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Messages - RichColvin

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Ping me in about 5 yrs.  Retiring in 3.5, so should have my new one used up by then.

Kind regards,

Hand Tool Woodworking / Re: Q4 which jig for plough plane blades
« on: August 05, 2020, 03:55:15 am »

Look around on the UK version of eBay for an SVH-60 Straight Edge Jig.  This is the original that was replaced by the SE-77.  However, it is closer to the Universal Support Bar, so I find it useful for sharpening shorter chisels.  Doesn’t have all the bells and whistles, but useful none the less.

It is one of the few older jigs I recommend seeking.

Kind regards,

Hand Tool Woodworking / Re: Q3 which jig for a small router
« on: August 02, 2020, 03:50:11 pm »

I checked Leonard Lee’s book, and he offers no advice. 

I would consider sharpening this from the bottom, not the top.  Remember, the leading edge must be lower than the rest, but the overall shape can be convex — flatness is not req’d.  This would allow for holding the shaft in the SVS-50 jig. 

Kind regards,

General Tormek Questions / Re: Supergrind 2000?
« on: August 02, 2020, 03:41:56 pm »

I am sure you know that, with woodturning tools, it is important to sharpen often.  When stopping to sharpen, having a jig that can be used to easily make the same grind makes that faster, and hence is used. 

The SVD-185 was good, but the setting on the jig (JS) was via aligning an arrow on one side with marks on the other.  That was always imperfect, but it worked.

With the SVD-186, the settings are click-stops.  Really easy to reset it from the ones used for your roughing gouge (JS 6) to a spindle gouge (JS 2).

I’ve documented the settings with the jigs I typically use on

Kind regards,

General Tormek Questions / Re: Supergrind 1200?
« on: August 01, 2020, 05:20:58 pm »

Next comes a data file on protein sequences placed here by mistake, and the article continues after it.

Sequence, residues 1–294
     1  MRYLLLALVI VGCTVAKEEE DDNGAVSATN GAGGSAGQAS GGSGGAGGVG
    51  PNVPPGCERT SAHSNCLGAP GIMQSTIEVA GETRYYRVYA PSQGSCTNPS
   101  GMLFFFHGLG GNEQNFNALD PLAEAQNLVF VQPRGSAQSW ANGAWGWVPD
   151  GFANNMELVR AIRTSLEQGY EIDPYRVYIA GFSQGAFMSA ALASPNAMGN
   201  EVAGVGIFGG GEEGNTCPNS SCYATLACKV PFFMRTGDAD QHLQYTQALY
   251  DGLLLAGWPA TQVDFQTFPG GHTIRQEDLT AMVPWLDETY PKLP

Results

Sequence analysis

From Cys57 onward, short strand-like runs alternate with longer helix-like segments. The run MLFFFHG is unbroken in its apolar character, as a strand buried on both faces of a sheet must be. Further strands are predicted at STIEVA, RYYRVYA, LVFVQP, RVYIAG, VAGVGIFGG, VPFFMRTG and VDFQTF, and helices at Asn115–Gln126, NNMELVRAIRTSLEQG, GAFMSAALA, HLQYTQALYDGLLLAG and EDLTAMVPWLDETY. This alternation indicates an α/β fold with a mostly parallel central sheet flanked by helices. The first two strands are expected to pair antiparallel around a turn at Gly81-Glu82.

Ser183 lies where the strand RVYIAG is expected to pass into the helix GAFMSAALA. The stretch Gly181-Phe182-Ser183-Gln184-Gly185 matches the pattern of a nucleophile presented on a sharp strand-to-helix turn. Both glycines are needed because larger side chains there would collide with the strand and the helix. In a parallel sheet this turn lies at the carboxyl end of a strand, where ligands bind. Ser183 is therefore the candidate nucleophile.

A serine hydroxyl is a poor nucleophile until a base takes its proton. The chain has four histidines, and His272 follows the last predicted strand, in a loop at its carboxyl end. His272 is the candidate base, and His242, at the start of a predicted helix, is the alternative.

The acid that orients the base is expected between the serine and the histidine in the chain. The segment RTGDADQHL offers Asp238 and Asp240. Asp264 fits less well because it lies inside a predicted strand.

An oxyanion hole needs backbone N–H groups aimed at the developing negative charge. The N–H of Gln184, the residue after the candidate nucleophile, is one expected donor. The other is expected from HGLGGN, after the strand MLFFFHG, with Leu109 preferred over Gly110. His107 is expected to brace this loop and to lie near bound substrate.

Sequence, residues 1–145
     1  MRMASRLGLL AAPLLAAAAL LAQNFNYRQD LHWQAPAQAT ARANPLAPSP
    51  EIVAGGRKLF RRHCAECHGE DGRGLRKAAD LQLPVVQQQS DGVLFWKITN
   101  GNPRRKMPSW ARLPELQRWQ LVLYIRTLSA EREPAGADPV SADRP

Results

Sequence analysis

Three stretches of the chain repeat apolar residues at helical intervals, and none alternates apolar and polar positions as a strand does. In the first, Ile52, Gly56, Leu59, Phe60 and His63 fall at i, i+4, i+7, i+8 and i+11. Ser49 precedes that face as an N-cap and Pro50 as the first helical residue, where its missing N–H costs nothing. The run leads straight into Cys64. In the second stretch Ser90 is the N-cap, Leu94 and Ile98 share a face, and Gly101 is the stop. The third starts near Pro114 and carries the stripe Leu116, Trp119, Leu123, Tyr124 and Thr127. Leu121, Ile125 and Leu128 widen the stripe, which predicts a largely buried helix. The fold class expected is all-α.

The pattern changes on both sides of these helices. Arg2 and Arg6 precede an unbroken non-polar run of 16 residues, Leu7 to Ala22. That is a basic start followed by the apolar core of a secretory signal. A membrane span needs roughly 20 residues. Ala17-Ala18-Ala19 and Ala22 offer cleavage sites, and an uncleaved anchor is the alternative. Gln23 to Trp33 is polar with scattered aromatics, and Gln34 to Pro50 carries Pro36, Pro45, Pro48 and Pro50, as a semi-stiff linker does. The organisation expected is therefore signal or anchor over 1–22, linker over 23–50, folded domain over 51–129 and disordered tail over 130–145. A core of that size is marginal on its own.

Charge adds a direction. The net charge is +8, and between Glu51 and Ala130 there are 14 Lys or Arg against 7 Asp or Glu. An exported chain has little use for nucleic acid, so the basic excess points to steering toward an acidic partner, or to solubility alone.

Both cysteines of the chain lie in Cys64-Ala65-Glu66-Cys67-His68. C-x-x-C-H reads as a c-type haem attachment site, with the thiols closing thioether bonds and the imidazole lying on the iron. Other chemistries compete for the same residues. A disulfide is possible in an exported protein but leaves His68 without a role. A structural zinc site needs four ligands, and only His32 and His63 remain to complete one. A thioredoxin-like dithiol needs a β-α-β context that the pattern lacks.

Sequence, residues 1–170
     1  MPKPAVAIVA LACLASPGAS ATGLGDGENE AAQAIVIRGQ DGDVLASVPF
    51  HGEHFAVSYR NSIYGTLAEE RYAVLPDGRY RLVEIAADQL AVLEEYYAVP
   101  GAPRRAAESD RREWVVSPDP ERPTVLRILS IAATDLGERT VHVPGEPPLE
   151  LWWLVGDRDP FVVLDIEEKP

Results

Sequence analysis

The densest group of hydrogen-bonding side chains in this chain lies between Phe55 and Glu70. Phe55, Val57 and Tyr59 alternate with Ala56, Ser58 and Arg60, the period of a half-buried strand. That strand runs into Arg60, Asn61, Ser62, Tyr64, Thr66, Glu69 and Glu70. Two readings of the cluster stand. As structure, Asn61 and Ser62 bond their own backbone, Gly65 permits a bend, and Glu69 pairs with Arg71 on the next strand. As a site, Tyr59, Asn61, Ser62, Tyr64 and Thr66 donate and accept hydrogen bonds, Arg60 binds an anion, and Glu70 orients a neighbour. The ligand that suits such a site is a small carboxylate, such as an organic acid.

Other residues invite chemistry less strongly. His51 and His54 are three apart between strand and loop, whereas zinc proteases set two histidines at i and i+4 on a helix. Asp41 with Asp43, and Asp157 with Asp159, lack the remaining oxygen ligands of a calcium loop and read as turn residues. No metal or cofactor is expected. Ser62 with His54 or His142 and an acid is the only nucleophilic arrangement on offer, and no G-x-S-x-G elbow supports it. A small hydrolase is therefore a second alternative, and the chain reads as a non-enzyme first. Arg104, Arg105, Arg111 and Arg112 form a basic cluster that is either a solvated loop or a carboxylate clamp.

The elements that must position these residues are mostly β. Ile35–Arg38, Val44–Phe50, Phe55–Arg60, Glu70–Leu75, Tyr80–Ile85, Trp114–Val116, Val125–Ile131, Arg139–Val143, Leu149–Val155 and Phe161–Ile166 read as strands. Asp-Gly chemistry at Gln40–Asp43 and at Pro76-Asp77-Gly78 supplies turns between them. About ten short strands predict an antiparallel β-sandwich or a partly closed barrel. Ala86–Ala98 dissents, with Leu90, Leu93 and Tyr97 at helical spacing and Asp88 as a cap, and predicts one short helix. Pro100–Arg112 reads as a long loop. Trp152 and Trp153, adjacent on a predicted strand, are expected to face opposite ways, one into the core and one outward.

The 2000 uses the 250mm grindstones whilst the 1200 uses the 200 mm grindstones.

I have the SuperGrind 2000 that I bought in 2002.  I use it to sharpen woodworking tools, and also often use it to sharpen kitchen knives and my wife’s scissors.

I replaced the shaft with the EZ one, replaced the drive wheel after 15 years of use, added the USB with micro adjust, and replaced the truing tool.  Other than I’ve upgraded the jigs as many are worth that.  One especially great upgrade is the SVD-186.  Much better than the SVD-185.

Kind regards,


When I sharpen on grindstones that are 180-200 mm on my T-2000, I use them on turning tools, both wood turning and metal, and on my pocket knives.  I find that the small amount of concavity in the grind is not a real issue.  What is more of an issue is not sharpening often enough.



I would consider two options.  The first is to make a holder that grips the tapered part of the shaft.  If the holder is round like Rick noted, it could be rolled on an SVD-110 Platform.

Alternatively, consider taking the sharpening to the tool.  By that, I mean make a jig that fits into the tool’s bore (where the cut pieces are pushed thru), and has an “umbrella” shape mid way up.  The umbrella would need to be the shape of the area to be sharpened.  That umbrella area would be used to hold a piece of sandpaper for the sharpening.  Finally, the umbrella area would need a projection of some sort to put into a drill for spinning it.  Think of putting a mushroom into the tool, and the underside of the mushroom’s cap would do the sharpening.

Then you would change the grit of the sandpaper to achieve the surface you want. The shaft part that goes into the tool would be the reference surface, so it would need to be pretty close to the internal diameter of the tool. 

This would be easy to make on a metal lathe.

Kind regards,

Contact Steve Bottorff. His web site is  Steve lives in Northern Ohio and may be able to hook you up.

General Tormek Questions / Re: Tormek for primary bevels
« on: July 25, 2020, 12:53:46 pm »

I have no doubt that Mike Pekovich's method will produce fine edges. I used bench stones myself for many years.